NRG Energy has two coal-fired power plant units in Limestone County, Texas, about 115 miles southeast of Dallas. They’re already some of the largest, most polluting power plants in the state, and they’re about to get a whole lot dirtier.
On October 2, 2012, NRG received new permits for the two units that allow them to emit as much as 7,616 pounds of particulates per hour during startup, shutdown or maintenance operations.
That’s a nearly 3,000% increase over the previous permits, which allowed just 256 pounds of particulate per hour during startup, shutdown and maintenance. Particulate matter (or particle pollution) is very tiny bits of soot from burning coal that are so small they can bypass the lung’s built-in defenses and are known to contribute to a host of human health problems, from cancer to respiratory and heart disease.
A coalition of public interest groups announced today that they have filed a petition asking the EPA to step in and overturn the state’s decision to exempt NRG’s two coal-fired power plant units in Limestone County as well as 33 others from federal regulations that restrict the amount of particulates and other pollutants they can emit.
Texas Regulators Colluded With Industry Lobbyists
What’s more, the groups say they have proof that state regulators colluded with lobbyists to essentially let the electricity generation industry itself write the revised air pollution control permits granted to those coal-fired plants.
“Coal plants in Texas have been spewing dangerous amounts of fine soot during startup and shutdown, and the state has been turning a blind eye to the problem,” Adrian Shelley, Executive Director of Air Alliance Houston, one of the groups petitioning the EPA, said in a statement. “EPA needs to crack down on this illegal pollution for the sake of our most vulnerable residents – children and the elderly.”
The groups are challenging changes made in the permits granted to a total of 35 generating units at 19 different power plants in the state of Texas that they say will allow as much as 30 times more particulate matter per hour during startup, shutdown and maintenance — levels far in excess of federal limits and hence in violation of the Clean Air Act.
Ilan Levin, associate director of the Environmental Integrity Project, which filed the petition on behalf of the groups, told DeSmog that state rules require permits to be issued for “planned maintenance, startups, and shutdowns” of power plants.
But in granting new permits to the 19 power plants at issue, state regulators at the Texas Commission on Environmental Quality (TCEQ) consented to new, weaker standards without seeking the required EPA review and approval and without holding public hearings required under federal law.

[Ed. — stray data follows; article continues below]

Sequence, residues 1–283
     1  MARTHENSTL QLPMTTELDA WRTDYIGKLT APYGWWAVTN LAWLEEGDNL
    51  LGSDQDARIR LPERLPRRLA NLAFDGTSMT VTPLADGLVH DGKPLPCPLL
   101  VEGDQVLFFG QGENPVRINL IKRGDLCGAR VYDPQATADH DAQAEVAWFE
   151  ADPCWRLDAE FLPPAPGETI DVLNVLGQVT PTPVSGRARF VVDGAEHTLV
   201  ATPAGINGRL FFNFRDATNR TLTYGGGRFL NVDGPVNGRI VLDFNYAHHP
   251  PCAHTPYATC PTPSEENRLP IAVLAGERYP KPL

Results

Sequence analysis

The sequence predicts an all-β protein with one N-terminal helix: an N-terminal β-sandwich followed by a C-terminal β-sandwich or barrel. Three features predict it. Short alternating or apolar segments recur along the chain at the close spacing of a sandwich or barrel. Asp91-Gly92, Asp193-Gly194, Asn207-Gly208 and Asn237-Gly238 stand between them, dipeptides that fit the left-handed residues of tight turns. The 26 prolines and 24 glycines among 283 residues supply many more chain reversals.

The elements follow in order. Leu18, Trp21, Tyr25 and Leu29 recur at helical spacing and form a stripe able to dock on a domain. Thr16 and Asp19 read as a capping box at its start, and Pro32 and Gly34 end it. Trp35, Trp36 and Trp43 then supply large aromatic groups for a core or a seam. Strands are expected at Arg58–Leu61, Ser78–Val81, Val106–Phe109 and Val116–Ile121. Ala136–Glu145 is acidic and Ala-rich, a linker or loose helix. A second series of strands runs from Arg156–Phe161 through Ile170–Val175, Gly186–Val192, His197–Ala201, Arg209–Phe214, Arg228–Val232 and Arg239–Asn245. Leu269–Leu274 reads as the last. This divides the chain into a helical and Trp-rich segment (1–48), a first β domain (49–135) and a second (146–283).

Those 19 plants are already responsible for 30% of particulate pollution from large industrial sources in Texas, including more than 30% of nitrogen oxides and nearly 80% of sulfur dioxide, per a press release announcing the petition. Yet the TCEQ not only permitted them to increase the amount of particulate pollution they’re dumping into the atmosphere, it appears to have let the industry itself write the new language inserted into the revised air pollution control permits.
The Environmental Integrity Project viewed emails and correspondence obtained through a Public Information Act request and says it discovered that from 2011 through 2013, the TCEQ worked with the Association of Electric Companies of Texas, an electric power industry trade group, to eliminate federal limits on particulates.
On October 25, 2010, and other dates, the Association of Electric Companies of Texas sent TCEQ proposed language for the revised permits that created exemptions from the federal limits during the startup, shutdown and maintenance of power plants. State regulators then incorporated the industry’s language – verbatim – into the final text of the permits. In the copied text, the state allows utilities to design their own emission limits, define “startup,” “shutdown,” and “maintenance” virtually any way they want, and switch monitoring options in a way that makes it impossible to determine compliance. The combined effect of these changes was to make the state’s new so-called “limits” for the power plants meaningless.
The EIP’s Levin told DeSmog that the revisions happened between 2010 and 2012 as part of a regulatory effort Texas started about 15 years ago, which put all Texas industries on a new permitting schedule.
The petition was necessary because the EPA doesn’t have “the staff, resources, and/or political clout to take on Texas and the state’s powerful utility industry,” according to Levin, who says it’s possible the EPA never looked closely at the permits in the first place.
Presumably, the EPA will take a closer look now that there is a formal petition asking the agency to intervene. However, Levin says it could take a year or more for the agency to respond.
Image Credit: Kodda / Shutterstock.com